How to Overcome a Bad Financial Advisor Experience

March 3, 2017

how to overcome a bad financial advisor experience

Working with a financial professional should provide value to you and your financial life. But when you’ve had a negative experience with a financial advisor, it can be challenging to overcome successfully.

Is this you? Have you had a bad experience with a financial advisor in the past? And if so, how has that negative experience impacted how you handle your finances today? Unfortunately, a bad financial experience can leave scars that range from healthy skepticism to an immovable distrust and fear of all financial professionals. Perhaps unsurprisingly, the 2016 Edelman Trust Barometer revealed that financial services ranked last in the 25-country survey of the general population with a 51% trust rating.

You’ll never know how good your financial advisor is until the market takes a tumble. Therefore, given the recent recession we’re now recovering from, it’s possible a few warts were uncovered that potentially left you wanting more from the financial services industry.

Despite what your past experiences have been, here are a few ways to overcome a bad financial advisor encounter and use it toward a more rewarding experience in the future.


Write Down What Went Wrong

It’s valuable to jot down exactly what contributed to your bad experience with a financial professional. Taking stock on what went wrong and in what instances will reveal what’s most important to you when it comes to working with a financial professional.

Maybe your financial advisor didn’t respond to your questions quickly enough or was always impossible to get ahold of when you wanted to talk. Or she wasn’t proactive in calming your financial fears when the market started to take a dive. Worse yet, maybe he didn’t do what he said he was going to do, and it resulted in negative financial consequences for you and your family. Or she tried to put you in an investment you weren’t comfortable with or sell you something you didn’t want or need.

Whatever your experience was, write it down and make a list of your grievances so that you know exactly the type of financial professional to avoid in the future.


Get Clear on What You Want and Need

Not all financial professionals are created equal. There are a wide range of specialties within the financial service industry (often identified by the letter designations that follow their name), so knowing what you want when it comes to a financial professional will help you narrow your search criteria going forward.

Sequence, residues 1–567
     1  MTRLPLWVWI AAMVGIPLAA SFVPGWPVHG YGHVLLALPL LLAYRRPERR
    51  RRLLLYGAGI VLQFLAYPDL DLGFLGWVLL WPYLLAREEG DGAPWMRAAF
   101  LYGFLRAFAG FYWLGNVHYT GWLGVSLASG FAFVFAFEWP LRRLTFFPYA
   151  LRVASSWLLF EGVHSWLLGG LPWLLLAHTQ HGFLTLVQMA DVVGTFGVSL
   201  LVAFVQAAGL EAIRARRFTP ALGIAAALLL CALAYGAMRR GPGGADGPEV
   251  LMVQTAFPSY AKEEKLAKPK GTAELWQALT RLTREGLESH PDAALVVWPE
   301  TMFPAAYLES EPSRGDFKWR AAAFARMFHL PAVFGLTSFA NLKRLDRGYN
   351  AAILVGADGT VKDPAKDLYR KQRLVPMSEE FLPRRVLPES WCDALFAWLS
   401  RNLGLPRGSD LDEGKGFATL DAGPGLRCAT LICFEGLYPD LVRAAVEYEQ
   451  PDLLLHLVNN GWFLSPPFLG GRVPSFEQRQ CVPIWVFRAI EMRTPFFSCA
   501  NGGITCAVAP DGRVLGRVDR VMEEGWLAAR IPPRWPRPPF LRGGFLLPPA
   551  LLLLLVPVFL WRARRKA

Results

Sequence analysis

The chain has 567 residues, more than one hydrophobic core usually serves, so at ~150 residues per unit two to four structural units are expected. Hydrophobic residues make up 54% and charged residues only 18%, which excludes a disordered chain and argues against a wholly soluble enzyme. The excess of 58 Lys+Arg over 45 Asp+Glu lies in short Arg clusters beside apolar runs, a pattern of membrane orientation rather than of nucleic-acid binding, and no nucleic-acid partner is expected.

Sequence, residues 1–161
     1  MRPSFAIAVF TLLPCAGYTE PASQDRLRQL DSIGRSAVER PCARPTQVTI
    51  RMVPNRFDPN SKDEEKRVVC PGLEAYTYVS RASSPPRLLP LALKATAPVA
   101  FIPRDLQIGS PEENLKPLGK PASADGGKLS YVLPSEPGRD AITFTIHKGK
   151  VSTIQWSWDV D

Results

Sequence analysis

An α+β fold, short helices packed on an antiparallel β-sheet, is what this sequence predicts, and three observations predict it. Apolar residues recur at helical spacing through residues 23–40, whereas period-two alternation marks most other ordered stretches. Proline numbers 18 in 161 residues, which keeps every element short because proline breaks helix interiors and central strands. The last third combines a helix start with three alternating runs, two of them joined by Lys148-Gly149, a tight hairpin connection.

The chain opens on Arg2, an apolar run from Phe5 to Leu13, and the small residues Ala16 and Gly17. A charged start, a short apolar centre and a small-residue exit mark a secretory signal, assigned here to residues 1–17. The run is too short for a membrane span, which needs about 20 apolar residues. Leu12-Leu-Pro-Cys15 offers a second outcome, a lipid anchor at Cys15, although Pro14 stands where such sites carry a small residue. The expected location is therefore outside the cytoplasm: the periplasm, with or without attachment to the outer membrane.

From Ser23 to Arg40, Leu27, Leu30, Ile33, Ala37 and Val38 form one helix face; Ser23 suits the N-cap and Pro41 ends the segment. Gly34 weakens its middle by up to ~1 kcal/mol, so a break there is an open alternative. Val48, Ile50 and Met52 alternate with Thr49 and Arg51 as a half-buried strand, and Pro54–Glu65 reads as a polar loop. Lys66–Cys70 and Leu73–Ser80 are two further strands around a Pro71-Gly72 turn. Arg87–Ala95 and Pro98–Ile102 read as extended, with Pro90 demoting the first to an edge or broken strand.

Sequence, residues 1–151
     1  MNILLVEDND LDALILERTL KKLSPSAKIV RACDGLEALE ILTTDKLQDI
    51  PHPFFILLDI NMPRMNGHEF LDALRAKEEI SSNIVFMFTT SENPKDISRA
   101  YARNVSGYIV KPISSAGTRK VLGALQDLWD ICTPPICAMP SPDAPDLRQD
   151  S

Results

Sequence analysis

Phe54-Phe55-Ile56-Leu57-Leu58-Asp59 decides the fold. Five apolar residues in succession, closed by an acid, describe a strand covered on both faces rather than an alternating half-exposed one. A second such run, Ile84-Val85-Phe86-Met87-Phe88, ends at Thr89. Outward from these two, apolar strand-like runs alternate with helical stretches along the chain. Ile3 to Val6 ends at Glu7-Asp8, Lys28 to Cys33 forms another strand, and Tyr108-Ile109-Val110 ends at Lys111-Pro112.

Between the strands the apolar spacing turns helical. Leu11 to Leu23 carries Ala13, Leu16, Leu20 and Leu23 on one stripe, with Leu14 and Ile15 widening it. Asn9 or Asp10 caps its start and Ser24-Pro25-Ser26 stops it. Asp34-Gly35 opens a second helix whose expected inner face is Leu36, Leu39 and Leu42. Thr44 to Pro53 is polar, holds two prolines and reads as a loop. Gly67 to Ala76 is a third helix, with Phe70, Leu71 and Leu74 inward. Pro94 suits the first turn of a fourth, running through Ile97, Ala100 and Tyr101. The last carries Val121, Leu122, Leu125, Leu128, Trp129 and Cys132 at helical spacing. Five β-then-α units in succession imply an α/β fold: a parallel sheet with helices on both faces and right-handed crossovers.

If, for instance, you really want help getting organized in your financial life and made aware of more ways to maximize your finances for your retirement, then a CERTIFIED FINANCIAL PLANNER who specializes in comprehensive financial planning is probably a more appropriate match for your needs than a broker-dealer who buys and sells securities.  If you own a business and need someone who can better instruct you on tax-efficient moves you can make, then a Certified Public Accountant (CPA) who specializes in business taxes is more appropriate.

What you want and what you need from a financial professional should go hand-in-hand. The way a financial advisor works can be just as important as the actual type of service he or she provides. Referencing your list of what went wrong from above will make it even easier for you to identify what it is you’re looking for in a financial advisor and can empower you stand firm in your financial decisions.


Don’t Stay Where You’re Not Comfortable

This may go without saying, but if you’ve had a bad experience or are having a bad experience, you don’t have to stay. Chances are if you’ve had a bad experience you shared it with your financial advisor and gave them time to make it up to you before making the decision to part ways.

Sometimes the only way to overcome an unpleasant relationship is to move on. A financial advisor or the firm he works for may try to retain your business by introducing another team member to your account or reassigning your account to a different advisor altogether. Either way, go with your gut instinct, and don’t be afraid to terminate a relationship if it’s not serving your needs or meeting your expectations.

Sometimes nothing has to go “wrong” per se, but you may feel like the relationship just isn’t the best personality fit, the service isn’t that great for the fees you pay, or you don’t agree with the investment philosophy. Whatever your reasons for wanting to move on, know that you can move on.

This is sometimes easier when you’ve already selected a new financial advisor. Your new advisor will help you transfer your assets over and help manage the paperwork involved in initiating the necessary transactions. In most cases, you can easily transfer assets when you move on from a financial advisor.



What you learn from a bad experience can be used to embolden smarter financial decisions. As the client, you should always feel comfortable and confident in the financial team you select and the decisions being made to help you reach your financial goals.



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